Mr. Widaman-Gibbs is interviewed on his 100th birthday, and a reporter asks, "How do you want to be remembered?" Mr. Widaman-Gibbs reflects for a moment and responds, "I want to be remembered by the traditions I have left behind in my family; my legacy is not who I was but who my children and grandchildren are." Erik Erikson would classify this response as indicating Mr. Widaman-Gibbs's sense of:
Erik Erikson believed that people who experience isolation and stagnation in earlier adulthood are more likely to experience ________ in later adulthood.
What is the last stage in life according to Erik Erikson?
integrity versus despair
Erikson's last stage of development is characterized by:
Erikson believed that elderly adults use their impending death as a motivation to look back and evaluate their life. This form of retrospection is what many theorists call:
Which theory holds the most positive view of the abilities of elderly adults?
Which of the following is NOT one of the regrets that low-income older adults reported more as a result of their life review?
As a minister conscientious about the welfare of her parishioners, the Reverend Douglas creates many roles in her church for retired church members. Pastor Douglas appears to be applying:
Now that Nastasya is in late adulthood, the socioemotional selectivity theory predicts that she will:
spend most of her time with familiar friends.
Which two theories are most opposite?
activity theory and socioemotional selectivity theory
According to the socioemotional selectivity theory, individuals are motivated by two types of goals—emotion-related and _______ -related.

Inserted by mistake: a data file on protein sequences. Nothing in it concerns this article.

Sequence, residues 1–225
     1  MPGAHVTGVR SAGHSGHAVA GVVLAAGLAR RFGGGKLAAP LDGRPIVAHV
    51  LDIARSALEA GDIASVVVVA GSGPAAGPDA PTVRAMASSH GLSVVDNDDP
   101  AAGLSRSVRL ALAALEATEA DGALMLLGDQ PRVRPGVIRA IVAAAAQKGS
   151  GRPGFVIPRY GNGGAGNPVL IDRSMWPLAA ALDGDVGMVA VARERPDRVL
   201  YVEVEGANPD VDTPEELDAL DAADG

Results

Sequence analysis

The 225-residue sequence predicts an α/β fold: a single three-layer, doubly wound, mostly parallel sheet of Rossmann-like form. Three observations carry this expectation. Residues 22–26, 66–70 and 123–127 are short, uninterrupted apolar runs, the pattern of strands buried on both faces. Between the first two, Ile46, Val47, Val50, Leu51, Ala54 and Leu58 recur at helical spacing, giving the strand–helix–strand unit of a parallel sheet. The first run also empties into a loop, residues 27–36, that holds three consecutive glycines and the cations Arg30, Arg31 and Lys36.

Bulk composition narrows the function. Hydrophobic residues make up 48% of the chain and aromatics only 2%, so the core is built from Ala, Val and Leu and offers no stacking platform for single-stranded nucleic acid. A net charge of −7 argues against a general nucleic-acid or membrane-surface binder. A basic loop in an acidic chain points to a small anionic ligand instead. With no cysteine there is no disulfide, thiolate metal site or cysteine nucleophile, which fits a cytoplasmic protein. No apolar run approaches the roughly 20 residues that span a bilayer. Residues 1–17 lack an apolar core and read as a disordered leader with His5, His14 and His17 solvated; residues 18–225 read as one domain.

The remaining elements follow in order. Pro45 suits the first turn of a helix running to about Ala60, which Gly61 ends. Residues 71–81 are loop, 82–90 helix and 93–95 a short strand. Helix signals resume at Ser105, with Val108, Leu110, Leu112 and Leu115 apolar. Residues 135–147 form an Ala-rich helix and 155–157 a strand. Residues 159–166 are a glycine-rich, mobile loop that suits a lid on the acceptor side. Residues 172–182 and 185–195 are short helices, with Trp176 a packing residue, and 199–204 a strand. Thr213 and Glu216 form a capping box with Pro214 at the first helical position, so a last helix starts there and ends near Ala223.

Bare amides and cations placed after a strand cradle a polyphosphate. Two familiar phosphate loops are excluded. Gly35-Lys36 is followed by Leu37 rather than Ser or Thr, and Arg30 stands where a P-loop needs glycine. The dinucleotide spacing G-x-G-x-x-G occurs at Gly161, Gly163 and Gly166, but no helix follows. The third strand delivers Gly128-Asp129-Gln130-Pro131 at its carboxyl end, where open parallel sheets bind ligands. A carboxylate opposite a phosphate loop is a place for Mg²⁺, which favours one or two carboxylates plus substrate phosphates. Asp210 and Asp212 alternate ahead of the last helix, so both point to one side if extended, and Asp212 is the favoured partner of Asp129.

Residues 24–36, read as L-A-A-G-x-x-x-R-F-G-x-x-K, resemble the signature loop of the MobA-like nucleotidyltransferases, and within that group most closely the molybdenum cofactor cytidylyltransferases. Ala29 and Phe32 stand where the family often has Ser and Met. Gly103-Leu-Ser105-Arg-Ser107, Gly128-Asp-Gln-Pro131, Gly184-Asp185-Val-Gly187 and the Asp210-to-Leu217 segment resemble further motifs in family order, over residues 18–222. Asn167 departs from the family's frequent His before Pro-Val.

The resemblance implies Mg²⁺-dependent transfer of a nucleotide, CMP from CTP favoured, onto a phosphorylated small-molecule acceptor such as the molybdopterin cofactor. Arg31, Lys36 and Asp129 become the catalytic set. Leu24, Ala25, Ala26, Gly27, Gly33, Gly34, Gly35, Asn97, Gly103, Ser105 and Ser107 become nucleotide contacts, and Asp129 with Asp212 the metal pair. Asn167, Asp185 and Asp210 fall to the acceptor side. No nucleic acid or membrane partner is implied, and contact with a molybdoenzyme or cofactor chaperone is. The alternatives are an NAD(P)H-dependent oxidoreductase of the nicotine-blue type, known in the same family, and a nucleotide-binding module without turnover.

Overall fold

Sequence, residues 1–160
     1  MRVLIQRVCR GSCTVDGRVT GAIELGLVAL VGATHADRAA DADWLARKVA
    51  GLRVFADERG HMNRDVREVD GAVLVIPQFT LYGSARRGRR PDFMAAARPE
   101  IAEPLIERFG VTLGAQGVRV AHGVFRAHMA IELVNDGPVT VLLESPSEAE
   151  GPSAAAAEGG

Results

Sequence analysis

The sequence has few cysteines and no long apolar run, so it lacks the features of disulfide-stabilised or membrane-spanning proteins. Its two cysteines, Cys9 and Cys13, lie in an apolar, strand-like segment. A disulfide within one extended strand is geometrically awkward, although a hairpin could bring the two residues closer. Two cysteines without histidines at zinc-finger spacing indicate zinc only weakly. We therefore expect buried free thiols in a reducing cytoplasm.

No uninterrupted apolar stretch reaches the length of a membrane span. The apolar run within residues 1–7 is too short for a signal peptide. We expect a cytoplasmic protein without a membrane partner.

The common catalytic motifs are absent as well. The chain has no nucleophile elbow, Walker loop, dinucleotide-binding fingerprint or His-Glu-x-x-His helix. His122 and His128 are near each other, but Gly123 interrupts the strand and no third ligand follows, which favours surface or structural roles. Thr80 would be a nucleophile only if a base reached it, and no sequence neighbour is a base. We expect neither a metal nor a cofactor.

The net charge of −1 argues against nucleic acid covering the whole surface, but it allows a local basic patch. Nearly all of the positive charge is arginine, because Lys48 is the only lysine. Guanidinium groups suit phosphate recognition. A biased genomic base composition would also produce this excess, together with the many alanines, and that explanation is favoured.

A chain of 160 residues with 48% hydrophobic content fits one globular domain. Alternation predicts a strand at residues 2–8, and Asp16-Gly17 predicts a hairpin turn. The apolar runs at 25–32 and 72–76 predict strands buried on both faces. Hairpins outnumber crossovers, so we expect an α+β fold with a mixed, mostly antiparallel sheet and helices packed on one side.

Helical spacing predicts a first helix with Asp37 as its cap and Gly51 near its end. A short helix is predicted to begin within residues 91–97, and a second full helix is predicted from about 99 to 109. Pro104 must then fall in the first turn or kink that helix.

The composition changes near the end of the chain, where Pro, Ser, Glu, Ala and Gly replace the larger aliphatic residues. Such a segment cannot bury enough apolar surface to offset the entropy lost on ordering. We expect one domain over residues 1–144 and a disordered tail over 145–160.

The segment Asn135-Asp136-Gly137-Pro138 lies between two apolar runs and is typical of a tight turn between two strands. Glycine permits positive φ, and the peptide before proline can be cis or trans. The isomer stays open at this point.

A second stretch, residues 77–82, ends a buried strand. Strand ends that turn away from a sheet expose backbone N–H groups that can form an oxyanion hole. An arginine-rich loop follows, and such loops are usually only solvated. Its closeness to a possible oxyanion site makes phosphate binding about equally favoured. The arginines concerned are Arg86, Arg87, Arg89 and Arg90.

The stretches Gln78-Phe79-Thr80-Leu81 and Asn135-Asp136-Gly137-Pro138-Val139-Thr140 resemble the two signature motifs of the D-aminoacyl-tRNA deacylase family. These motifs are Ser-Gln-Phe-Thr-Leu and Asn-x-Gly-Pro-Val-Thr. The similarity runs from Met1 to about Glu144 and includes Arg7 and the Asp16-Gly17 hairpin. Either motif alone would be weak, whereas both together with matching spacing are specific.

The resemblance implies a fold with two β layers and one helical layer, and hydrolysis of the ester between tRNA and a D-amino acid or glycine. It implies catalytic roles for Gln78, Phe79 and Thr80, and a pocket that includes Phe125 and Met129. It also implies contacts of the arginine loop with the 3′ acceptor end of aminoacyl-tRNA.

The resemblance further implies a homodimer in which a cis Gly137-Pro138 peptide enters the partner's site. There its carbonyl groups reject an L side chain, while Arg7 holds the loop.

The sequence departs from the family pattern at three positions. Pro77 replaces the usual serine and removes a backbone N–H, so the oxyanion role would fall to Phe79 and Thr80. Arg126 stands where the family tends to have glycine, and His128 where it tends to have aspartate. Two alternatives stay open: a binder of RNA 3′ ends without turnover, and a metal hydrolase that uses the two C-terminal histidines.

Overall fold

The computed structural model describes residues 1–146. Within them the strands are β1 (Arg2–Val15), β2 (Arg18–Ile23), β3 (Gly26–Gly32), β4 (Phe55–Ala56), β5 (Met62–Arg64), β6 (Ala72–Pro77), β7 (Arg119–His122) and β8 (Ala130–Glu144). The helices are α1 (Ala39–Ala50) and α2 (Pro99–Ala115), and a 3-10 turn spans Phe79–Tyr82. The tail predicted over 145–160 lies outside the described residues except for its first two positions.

Life-span developmentalist Paul Baltes and his colleagues believe that successful aging is related to three main factors:
selection, optimization, and compensation.
According to some research, older adults (35 to 84 years of age) focus on ________ whereas the oldest adults (85 to 105 years of age) tend to focus on _______.
One research study examined the changes in the personality factor called conscientiousness. It found that as we age several facets of this factor increase. Which of the following was NOT one of those facets?
Which of the personality traits in the Big Five factors of personality are associated with mortality (an earlier death)?
high conscientiousness, openness, and extraversion
Which of the following has been found to be the most frequent form of ageism?
acting disrespectfully toward older adults
Although older adults (over the age of 65) make up only ____% of the U.S. population, some estimates suggest that ______ of the total health bills for the United States go to care for that group of citizens.
Lizeanne is a 67-year-old retired teacher. Under the current governmental programs, her health care costs will be paid, at least in part, by:
What percentage of older people live in poverty since 2008?
What double jeopardy do elderly women face?
ageism and sexism
Which activity results in less frailty in order adults?
Which of the following groups of individuals is most likely to be satisfied with their marriage?
These days, approximately ____% of older adults are living in cohabiting situations for a wide variety of reasons.